27 Jan Early Stage: Step 5 – Forming the entity
Editor’s note: This is the fifth in a series of articles on developing start-up companies in the technology or biotechnology sectors.
Madison, Wis. – By now you have clarified what your intellectual property is – the domain name, trademarks, etcetera. You are now prepared to form an entity. In this column, we will discuss the entity choices you have and the ones that you might find most useful at this early stage.
In today’s landscape, there are several entity choices: sole proprietorship; partnerships – general, limited, and limited liability; corporations – C-corporation and S-corporation; and limited liability companies.
The most recent Wisconsin statistics show that, by an overwhelming four-to-one margin, the entity of choice for new companies is the limited liability company or LLC. The reason is that limited liability companies combine the aspects of limited liability with partnership tax treatment. While general and limited partnerships and sole proprietorships have favorable tax status, they do not have comprehensive liability protection.
On the other hand, corporations, both C and S, have favorable liability protection but have less favorable taxation. S-corporations may be a choice in some instances, but the S-corporate tax is not as advantageous, in the author’s opinion, as is partnership taxation.
Before getting into any specific details, one other key aspect of this entity decision is that with the “next economy” legislation passed in 2002, you can merge and convert entities easily from one form to another. In other words, limited liability companies and corporations can be mixed and matched depending on the circumstances.
Thus, if you started out as a limited liability company, you can become a C-corporation or S-corporation. Conversely, you can go from being a C-corporation or S-corporation to an LLC (although it is not well advised from a tax point of view).
Simply put, if you start out as an LLC, you have your best chance of success from an entity viewpoint.
Why are LLCs the most popular form of choice for new companies? For one thing, they can be formed online for $130 by the owner. One merely has to go to the Wisconsin Department of Financial Institutions’ website, then click on “Form an LLC,” and follow the steps. The DFI will send you a confirmatory e-mail, which should be kept to verify that the entity has been formed.
The date-stamped “Articles of Formation,” whether they are for corporations, limited liability companies, or other entities are really the entity’s “birth certificate.” They indicate the date and the time the entity was formed. From that point on, the entity can conduct business.
To form corporations, you can also go online to find the Articles of Incorporation forms. At this time, however, the DFI does not accept online filing, so you must fax the documents in to the department and follow the instructions on its website.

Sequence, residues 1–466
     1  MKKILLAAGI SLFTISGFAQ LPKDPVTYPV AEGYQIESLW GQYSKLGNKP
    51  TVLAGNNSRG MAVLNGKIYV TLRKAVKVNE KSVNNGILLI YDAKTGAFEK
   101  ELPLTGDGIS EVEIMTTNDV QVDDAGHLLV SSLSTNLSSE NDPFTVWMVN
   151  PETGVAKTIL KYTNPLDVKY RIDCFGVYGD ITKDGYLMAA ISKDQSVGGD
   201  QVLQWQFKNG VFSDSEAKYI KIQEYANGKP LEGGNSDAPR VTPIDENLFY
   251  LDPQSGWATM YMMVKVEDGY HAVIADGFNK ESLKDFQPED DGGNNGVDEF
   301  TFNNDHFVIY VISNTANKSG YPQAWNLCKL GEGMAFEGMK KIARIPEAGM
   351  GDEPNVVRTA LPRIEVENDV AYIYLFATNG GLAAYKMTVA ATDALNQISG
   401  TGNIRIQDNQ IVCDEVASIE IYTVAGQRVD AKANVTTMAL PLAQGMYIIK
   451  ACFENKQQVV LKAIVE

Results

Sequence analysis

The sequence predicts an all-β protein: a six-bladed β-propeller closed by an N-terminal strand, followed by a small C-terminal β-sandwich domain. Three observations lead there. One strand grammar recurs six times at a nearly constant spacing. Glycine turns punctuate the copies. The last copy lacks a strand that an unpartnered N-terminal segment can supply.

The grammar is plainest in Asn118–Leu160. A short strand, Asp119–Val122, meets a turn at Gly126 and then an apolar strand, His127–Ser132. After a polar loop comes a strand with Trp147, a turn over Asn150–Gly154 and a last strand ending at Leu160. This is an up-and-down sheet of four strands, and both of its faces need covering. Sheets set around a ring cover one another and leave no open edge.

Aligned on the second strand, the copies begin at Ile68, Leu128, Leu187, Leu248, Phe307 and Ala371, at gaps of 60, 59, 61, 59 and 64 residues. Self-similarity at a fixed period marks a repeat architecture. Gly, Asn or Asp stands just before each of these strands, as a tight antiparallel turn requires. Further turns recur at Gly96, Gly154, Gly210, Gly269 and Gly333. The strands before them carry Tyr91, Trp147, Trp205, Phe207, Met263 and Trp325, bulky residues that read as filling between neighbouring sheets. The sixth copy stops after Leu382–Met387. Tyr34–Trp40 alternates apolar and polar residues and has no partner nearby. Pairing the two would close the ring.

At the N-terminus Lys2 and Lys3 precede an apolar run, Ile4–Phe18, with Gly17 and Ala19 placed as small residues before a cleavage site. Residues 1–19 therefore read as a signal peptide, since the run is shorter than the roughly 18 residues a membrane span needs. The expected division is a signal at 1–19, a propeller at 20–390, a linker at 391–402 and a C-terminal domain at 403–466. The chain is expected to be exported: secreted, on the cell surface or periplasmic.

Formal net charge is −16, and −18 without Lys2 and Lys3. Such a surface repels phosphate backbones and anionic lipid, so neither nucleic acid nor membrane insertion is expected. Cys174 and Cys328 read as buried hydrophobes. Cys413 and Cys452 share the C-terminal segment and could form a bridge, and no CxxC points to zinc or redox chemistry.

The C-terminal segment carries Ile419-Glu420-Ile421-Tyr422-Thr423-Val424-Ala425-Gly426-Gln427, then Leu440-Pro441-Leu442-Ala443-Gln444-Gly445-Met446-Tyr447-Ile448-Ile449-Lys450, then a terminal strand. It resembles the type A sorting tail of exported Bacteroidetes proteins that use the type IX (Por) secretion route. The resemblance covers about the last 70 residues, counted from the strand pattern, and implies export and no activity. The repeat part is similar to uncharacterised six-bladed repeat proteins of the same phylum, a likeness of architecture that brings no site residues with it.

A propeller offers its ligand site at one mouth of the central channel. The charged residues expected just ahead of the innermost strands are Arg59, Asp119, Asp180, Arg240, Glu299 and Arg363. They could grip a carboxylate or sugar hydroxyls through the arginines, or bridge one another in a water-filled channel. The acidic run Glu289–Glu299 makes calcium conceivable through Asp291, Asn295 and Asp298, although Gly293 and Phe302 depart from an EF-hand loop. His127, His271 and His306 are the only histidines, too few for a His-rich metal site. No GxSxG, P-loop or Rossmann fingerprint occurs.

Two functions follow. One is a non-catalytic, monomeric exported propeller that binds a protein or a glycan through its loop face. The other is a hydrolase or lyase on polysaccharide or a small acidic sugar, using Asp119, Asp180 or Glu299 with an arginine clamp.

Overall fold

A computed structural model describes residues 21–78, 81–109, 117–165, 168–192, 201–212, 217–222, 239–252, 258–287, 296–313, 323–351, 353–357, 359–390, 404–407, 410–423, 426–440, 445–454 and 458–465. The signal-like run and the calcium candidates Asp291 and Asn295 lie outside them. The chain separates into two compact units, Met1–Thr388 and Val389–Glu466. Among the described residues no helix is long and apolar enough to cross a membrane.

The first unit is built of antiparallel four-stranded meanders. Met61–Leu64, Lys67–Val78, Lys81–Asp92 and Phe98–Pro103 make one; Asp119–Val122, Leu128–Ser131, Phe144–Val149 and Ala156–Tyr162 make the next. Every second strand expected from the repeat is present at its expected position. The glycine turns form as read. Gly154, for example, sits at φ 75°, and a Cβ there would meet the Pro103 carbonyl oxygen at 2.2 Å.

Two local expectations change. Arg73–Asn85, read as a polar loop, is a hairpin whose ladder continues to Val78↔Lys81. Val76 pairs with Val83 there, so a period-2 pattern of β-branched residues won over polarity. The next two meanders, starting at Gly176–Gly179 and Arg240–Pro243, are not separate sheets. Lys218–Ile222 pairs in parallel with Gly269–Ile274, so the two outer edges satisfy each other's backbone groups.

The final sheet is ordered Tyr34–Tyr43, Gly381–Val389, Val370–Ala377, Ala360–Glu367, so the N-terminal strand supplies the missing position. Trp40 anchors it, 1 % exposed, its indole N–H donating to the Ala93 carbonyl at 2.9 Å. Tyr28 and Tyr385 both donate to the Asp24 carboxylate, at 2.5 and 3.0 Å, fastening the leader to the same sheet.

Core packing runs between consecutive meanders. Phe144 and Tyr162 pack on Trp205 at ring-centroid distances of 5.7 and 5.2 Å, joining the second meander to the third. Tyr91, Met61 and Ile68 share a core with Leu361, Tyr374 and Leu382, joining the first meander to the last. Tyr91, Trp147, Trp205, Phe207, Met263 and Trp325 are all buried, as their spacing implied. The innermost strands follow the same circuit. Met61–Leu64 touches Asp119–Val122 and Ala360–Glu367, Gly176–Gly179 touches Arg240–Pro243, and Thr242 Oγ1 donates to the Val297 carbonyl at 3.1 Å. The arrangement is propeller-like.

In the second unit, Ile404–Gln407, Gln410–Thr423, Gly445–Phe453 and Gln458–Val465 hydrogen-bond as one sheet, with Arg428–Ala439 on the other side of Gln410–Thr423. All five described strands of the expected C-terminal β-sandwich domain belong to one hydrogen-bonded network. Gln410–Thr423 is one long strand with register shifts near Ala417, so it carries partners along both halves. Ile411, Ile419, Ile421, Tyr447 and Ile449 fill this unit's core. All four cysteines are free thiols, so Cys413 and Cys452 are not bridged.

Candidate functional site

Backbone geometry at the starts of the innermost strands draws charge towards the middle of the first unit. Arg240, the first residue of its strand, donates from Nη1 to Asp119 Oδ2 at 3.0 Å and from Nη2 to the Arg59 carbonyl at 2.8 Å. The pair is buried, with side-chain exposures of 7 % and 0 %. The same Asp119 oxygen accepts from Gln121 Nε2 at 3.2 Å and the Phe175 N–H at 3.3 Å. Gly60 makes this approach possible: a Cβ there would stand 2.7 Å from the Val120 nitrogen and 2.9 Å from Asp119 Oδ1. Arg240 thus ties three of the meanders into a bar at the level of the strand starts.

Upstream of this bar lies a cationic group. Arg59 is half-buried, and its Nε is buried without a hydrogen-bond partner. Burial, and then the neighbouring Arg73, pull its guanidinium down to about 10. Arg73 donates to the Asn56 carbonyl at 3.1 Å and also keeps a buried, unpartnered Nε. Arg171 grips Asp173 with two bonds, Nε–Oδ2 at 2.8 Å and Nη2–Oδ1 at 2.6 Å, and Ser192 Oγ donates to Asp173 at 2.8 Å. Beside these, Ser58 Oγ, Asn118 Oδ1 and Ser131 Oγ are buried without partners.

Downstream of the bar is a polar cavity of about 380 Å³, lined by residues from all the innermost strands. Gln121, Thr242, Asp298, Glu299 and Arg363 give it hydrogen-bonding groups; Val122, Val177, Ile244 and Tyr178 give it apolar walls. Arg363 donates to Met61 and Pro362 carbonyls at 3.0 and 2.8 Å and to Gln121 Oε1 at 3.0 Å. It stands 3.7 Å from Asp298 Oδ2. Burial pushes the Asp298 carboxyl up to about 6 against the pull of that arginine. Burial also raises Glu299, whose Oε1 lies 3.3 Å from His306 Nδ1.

DFI to IRS
Once you have formed the entity, there are several other key steps to commence business. First, you need to get a federal employer identification number. This is accomplished by submission of an SS-4 application to the Internal Revenue Service, which can be done online at the IRS website. On this site, click on “businesses” in the left-hand column, and when the next screen appears, click on “employer id numbers” in the left-hand column. At the next screen, click on “apply online” and when the next screen appears; click on “Apply Online Now.”
(Access to the instructions for completing the SS-4 also will appear at this screen.) The next screen will produce an SS-4 application, which now can be completed and submitted immediately via the Internet. You will then receive confirmation of the submission, as well as your federal employer identification number.
You may also need to complete business registration forms for the State of Wisconsin. These can also be submitted online at the Wisconsin Department of Revenue website. Once the screen appears, you have a selection of forms to choose from, including forms for business tax registration, limited liability company registration, and sales and use tax forms.
Next, you open a bank account using a copy of the Articles of Formation and the federal identification number.
You must get comprehensive business insurance for your type of business, and you should see a qualified business insurance agent to get advice on this item. One type of insurance you must have is worker’s compensation.
The next step is completing other legal formation details, including unemployment compensation and worker’s compensation.
Previous articles by Joe Boucher
• Gina Carter: Intellectual Property: Are you an “infringer?”
• Joe Boucher: Early Stage, Step 3: Naming the entity
• Joe Boucher: Early Stage Step 2: Choosing a domain name
• Joe Boucher: Starting a tech business? Step 1 is minding the intellectual property
• Joe Boucher: Madison is flourishing while Marinette is dying
The opinions expressed herein or statements made in the above column are solely those of the author, and do not necessarily reflect the views of Wisconsin Technology Network, LLC.
WTN, LLC accepts no legal liability or responsibility for any claims made or opinions expressed herein.